Thomas Piketty, the French economist whose data on worsening inequality in advanced economies has captivated the public, makes a compelling—if not original—argument that economic disparities in the Middle East are a key motivation for terror attacks, including the recent ISIL murders in Paris.“It is obvious that terrorism feeds on the Middle Eastern powder keg of inequality we have largely contributed to create, ” Piketty wrote in Le Monde on Nov. 24, building on his research into inequality in the region. His thinking wouldn’t be out of line with what then - US president George W. Bush told the United Nations in 2002, that “we fight against poverty because hope is an answer to terror. ” Such a conclusion affirms a basic intuition we have about people who would perform abhorrent suicide missions in the name of a cause—that they must be desperate—and our hope that throwing money at this problem can solve it. But empirical studies suggest that poverty and inequality aren’t behind terror attacks. In the wake of the 9/11 attacks, Alan Krueger, the Princeton economist and future Obama administration official, examined databases of terror attacks to identify trends among the participants. Surprisingly, he found most were well - educated and not poor. A quick summary:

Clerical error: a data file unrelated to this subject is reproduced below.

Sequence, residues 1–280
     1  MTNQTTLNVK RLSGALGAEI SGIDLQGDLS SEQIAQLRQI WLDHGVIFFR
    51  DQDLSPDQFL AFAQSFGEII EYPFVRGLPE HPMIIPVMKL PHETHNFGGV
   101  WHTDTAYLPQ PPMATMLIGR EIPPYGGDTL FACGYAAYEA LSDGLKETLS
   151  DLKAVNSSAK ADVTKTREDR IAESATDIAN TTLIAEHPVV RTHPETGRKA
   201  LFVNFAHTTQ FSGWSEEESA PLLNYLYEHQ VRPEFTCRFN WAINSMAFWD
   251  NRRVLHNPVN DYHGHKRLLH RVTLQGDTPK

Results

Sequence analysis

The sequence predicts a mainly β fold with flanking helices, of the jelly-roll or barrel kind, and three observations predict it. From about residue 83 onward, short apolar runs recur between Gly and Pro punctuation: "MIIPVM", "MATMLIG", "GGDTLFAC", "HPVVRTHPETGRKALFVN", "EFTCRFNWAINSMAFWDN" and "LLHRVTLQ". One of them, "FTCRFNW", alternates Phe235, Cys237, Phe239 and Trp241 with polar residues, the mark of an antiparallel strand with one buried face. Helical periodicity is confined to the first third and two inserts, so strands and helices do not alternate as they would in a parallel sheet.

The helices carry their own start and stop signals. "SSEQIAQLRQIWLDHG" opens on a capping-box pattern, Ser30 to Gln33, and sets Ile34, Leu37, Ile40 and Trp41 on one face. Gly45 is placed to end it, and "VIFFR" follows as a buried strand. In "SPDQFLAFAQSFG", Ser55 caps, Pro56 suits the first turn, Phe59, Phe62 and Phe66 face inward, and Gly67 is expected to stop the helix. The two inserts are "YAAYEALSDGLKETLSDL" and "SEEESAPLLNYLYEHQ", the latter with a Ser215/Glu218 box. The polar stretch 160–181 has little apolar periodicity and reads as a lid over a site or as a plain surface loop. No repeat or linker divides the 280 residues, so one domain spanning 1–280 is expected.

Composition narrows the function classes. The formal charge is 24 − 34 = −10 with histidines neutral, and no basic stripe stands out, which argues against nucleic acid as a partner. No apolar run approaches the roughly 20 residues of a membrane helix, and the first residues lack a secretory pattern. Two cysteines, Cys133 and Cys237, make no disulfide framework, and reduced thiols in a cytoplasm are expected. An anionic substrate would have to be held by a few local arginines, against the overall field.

- Studies of lynchings in the United States from 1882 to 1938 show no correlation between economic conditions and where these crimes occurred; contemporary studies of hate crimes in the United States and Germany show no correlation between violence against minorities and economic conditions
- A study of Hezbollah fighters in the 1980s and 1990s found that they were likely to be wealthier and better educated than the general Shi’a population of Lebanon at the time.
- An analysis of Palestinian terror attacks in Israel and the West Bank between 1987 and 2002 found that the poverty rate among suicide bombers was half that of the general population(15% versus 30%) and they were far more educated than average. A study of Israeli terrorists active in the 1970s and ’80s found that they, too, were wealthier and better educated than their peers.
- Finally, Krueger and his co - author assembled a data set of major terrorist attacks from 1997 to 2001, and found no correlation between poor economic performance and terrorism: “Once one accounts for the fact that poorer countries are less likely to have basic civil liberties, there is no difference in the number of terrorists springing from the poorest or the richest countries. ”